Risk Assessment with Josh Cole, North Cascades Mountain Guide

Learn about leadership in this interview with Josh Cole, a North Cascades Mountain Guide.
Steve Smith Steve Smith
Mountaineers Climbing Education Manager
November 28, 2017
An interview by Steve Smith, Mountaineers Climbing Education Manager

Josh and I first met when we worked together at the Northwest Outward Bound School, and I’ve always been struck by his creativity, analytical skills, approach to teaching, and sense of humor. Josh has a rare ability to champion and role-model the highest values and expectations as an outdoor educator/guide — one of many attributes that make him such an inspiring professional colleague.

Thanks for agreeing to be interviewed today, Josh. You have presented several times at our Leadership Conference, and a common theme throughout these talks is the relationship between risk management and organizational culture. Why is this a particular interest of yours?

I think it’s important to explain what I mean by effective risk management — to me, this is all about maximizing the beneficial outcomes of a program while having an acceptable level of risk. That balance obviously changes from organization to organization, but it is finding (and constantly re-tweaking) that balance that is risk management. And while many organizations have a person with “risk management” in their job title, highly functioning organizations are ones where every employee, volunteer, and stakeholder is taking an active role in risk management in one way or another. 

So, how do we create culture? I’ve found that one of the most powerful tools is consistent organizational language. The person creating the website or marketing brochures might not understand outdoor risk to the degree that the senior trainer might, but they can be part of the process by utilizing the organization’s common language around risk when producing marketing material. One great example is the very word risk, as opposed to safety. Safety indicates the absence of risk, and if we’re being realistic, everything we do in the outdoors is not entirely safe — there is risk. I particularly like the nascent trend of calling our risk managers risk-benefit managers — which is a piece of language that includes both the minimization of the negative aspects of risk but also recognition that risk has benefit. 

When I began my career in outdoor risk management, I was coming from a scientific background and spent a great deal of time looking at incident data. While the data is ultimately a piece of the puzzle, I quickly came to realize there was a bigger picture to be seen — that of the organization’s culture. When we look at the data, we might be able to change some specific practices to improve our risk management — perhaps the data shows a trend of increasing lower extremity injuries and the organization responds by encouraging participants to use trekking poles. However, if we want to make significant change and prevent significant incidents, we need to consider how we make decisions as individuals that are part of a larger organization. If we are to get to a place where risk management is dynamic and embraced by the entire organization, we need to focus on the big picture; organizational culture.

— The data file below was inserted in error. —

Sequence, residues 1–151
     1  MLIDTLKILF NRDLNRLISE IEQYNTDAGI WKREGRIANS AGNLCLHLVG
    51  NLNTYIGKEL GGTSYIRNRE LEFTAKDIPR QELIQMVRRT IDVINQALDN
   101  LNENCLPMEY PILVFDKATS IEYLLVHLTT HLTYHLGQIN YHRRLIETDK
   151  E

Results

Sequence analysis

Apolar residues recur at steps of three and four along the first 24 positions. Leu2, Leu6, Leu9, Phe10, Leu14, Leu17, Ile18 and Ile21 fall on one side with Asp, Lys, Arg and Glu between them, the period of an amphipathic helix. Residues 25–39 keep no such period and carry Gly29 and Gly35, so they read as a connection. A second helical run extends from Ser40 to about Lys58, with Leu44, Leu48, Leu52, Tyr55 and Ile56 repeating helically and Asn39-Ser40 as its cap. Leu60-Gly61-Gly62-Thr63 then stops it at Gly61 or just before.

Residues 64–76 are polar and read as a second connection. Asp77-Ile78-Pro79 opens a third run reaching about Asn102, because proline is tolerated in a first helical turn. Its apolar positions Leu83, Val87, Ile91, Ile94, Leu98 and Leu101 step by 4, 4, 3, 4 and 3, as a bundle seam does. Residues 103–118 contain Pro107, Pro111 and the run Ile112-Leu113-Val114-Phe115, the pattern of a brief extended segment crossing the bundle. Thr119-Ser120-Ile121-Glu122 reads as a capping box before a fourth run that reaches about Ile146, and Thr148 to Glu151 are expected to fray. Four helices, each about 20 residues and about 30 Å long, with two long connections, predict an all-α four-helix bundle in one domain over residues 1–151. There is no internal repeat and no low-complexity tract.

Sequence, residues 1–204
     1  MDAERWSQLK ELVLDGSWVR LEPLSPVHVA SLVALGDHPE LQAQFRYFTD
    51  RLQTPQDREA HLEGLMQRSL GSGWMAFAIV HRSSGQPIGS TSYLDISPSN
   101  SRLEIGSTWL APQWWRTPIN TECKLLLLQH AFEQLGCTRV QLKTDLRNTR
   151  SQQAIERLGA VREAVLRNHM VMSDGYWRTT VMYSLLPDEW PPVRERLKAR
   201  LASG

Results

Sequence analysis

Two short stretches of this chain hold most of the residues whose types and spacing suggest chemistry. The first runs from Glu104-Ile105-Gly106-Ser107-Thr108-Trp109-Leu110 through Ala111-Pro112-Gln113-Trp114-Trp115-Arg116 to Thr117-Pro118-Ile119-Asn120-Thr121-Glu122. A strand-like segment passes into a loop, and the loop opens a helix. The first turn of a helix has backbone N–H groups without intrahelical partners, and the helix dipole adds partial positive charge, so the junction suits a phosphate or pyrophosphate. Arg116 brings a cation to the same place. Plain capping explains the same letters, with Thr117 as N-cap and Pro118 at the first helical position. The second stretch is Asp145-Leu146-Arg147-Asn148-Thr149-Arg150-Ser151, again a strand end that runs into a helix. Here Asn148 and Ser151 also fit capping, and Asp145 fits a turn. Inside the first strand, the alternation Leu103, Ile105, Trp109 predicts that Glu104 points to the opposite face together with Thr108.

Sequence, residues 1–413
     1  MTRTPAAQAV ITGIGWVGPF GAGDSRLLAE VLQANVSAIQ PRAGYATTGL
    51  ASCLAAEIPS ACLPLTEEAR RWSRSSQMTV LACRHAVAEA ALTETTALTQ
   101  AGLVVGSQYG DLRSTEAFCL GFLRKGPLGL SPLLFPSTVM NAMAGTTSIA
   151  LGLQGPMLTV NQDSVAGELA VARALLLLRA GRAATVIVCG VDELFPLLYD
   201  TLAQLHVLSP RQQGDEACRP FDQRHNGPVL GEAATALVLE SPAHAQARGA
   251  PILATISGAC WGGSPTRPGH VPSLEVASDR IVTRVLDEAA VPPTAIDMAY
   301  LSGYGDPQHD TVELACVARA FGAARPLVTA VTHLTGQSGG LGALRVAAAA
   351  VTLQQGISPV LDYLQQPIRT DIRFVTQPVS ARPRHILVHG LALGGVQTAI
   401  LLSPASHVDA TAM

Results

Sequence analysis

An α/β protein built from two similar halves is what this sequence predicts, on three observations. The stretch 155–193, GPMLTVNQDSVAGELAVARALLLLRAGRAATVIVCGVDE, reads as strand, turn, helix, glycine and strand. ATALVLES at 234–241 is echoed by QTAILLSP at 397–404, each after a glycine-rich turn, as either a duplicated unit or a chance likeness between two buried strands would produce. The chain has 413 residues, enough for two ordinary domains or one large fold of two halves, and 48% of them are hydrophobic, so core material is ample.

How do you recognize an organization that has a culture conducive to effective risk management? 

Unfortunately, I think it’s far easier to see when an organization’s culture is out of balance than when it is working effectively. The recent implosion of Uber due to toxic organizational culture is an example of this — any person reading news reports describing their internal culture would immediately recognize that something was very wrong. So, how can a Mountaineers executive, member, staff member, trainer, or other stakeholder assess that the organizational culture is effective? I think the key is how the organization does two things: assessment and communication. And Sydney Dekker’s work on creating an organizational culture is an excellent template for understanding whether an organization’s culture is creating effective risk management. Just culture is one that accurately balances holding staff or members (at all levels of the organization) accountable in a manner that is fair. 

One specific example of a way to assess an organization’s risk management is to consider how the organization reports near misses (defined as an occurrence where, if something slightly different had happened, the outcome would have been a serious incident). If The Mountaineers are creating a just culture, then members, trainers, and staff will actively report near-miss incidents with the goal of creating better risk management throughout the organization. If The Mountaineers are creating a just culture, the organization will take those incident reports seriously, incorporate the learning into organizational practices and disseminate them in a way that is fair and useful with the same goals in mind.